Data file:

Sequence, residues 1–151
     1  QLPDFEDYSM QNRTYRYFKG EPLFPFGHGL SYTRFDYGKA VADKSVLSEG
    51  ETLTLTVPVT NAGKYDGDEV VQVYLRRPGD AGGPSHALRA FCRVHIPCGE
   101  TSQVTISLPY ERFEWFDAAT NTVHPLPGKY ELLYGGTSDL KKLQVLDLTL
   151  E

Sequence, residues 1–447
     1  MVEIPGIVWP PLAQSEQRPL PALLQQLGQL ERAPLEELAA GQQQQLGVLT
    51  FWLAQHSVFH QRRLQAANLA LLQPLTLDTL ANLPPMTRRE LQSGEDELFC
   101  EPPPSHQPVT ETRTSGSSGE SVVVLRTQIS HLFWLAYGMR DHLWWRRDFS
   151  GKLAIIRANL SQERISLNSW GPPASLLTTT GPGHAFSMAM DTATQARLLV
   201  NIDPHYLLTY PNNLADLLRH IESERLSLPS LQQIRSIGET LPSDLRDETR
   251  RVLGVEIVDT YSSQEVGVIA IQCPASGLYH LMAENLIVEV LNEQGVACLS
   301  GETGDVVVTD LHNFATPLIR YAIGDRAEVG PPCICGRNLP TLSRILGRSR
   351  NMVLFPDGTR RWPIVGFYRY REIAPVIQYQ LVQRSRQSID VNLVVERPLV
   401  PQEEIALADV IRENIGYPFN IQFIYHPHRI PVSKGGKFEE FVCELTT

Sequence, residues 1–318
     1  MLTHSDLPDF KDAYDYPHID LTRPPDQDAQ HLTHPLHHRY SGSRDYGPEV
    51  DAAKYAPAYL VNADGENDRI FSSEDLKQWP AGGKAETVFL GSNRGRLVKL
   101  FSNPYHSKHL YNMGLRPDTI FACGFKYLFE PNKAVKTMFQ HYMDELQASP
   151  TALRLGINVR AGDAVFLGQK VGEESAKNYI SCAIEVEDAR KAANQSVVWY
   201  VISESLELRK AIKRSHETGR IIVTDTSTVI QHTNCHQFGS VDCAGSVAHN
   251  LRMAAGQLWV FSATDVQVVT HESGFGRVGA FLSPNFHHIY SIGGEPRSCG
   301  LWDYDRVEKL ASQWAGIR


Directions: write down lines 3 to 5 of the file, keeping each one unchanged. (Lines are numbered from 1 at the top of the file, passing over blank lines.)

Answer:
    51  ETLTLTVPVT NAGKYDGDEV VQVYLRRPGD AGGPSHALRA FCRVHIPCGE
   101  TSQVTISLPY ERFEWFDAAT NTVHPLPGKY ELLYGGTSDL KKLQVLDLTL
   151  E